We were perfect, for a time;
And then we were not.
I told him I wanted to get married and have children.
He told me he could not see himself getting married.
Not to me, I added silently.
Despite my best efforts, I had managed to absorb some Confucianist values while growing up in Malaysia. Filial piety, duty and responsibility were as much a part of my makeup as individualism, civil liberties and equality. I thought that we could make a good life with respect, friendship and family. I could have settled – and it would have been a good kind of settle. But he could not, would not. We – ultimately – were not enough.
When he finally ended our relationship, I couldn’t eat for days. Even cast adrift on my pain, I could see that the end of us was a truth I could not deny. I did not have to lick my fingers to taste the salt of his absence.
I did not leave London when we ended because I still loved London and I had loved it before I loved him.
On an ordinary working day, in the packed London Underground, I looked around and my heart leapt. A young boy in round Harry Potter glasses was getting into the carriage. This boy could have been mine, and his. Ours.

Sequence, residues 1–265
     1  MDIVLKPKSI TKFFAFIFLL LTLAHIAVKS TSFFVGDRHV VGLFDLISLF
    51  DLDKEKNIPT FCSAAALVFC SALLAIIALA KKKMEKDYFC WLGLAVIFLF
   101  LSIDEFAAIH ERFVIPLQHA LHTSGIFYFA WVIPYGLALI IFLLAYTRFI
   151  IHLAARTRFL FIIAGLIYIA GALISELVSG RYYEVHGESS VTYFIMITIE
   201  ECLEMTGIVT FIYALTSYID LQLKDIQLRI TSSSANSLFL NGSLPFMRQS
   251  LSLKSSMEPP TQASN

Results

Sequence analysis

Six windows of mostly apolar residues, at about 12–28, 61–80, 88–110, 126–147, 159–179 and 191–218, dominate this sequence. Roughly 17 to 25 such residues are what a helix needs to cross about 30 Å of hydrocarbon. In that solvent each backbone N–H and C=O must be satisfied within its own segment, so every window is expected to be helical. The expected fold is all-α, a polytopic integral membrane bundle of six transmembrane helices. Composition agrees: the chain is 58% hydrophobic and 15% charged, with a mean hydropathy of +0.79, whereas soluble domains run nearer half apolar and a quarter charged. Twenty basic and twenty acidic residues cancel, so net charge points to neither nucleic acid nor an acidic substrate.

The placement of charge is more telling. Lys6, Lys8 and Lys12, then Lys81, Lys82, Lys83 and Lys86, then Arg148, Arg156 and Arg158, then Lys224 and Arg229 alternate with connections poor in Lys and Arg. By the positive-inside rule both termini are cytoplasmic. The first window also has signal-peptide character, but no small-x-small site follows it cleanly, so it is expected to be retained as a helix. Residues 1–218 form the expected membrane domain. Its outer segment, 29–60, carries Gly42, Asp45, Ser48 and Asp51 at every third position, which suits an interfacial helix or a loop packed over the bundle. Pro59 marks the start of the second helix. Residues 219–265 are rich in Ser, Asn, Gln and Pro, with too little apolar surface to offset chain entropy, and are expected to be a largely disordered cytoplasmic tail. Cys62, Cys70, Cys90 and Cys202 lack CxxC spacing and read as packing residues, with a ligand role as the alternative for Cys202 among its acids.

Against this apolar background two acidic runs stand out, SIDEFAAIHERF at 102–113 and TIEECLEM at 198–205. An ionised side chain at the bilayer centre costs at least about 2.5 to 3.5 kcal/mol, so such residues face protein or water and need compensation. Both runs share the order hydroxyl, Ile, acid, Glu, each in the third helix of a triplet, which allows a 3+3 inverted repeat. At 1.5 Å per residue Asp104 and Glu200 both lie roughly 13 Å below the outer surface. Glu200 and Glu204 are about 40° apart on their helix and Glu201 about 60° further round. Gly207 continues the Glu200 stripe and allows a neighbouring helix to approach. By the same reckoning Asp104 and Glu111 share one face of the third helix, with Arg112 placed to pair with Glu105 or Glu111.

A stranger’s eyes met mine through the invisible cloak of my grief. On this – the most impersonal and uncaring of London public transport – the stranger said in a low voice, “Whatever you’re going through, it too shall pass.”
V. The Hakkas were traditionally a nomadic tribe. The word ‘Hakka’ means guests. I used to think that was where I got my wandering soul.
I did not leave London, but I could not move on. The idea of my perfect life had vanished. My world shrank to a safe, narrow tunnel through which I could negotiate work and daily life without having to confront life’s painful imperfections.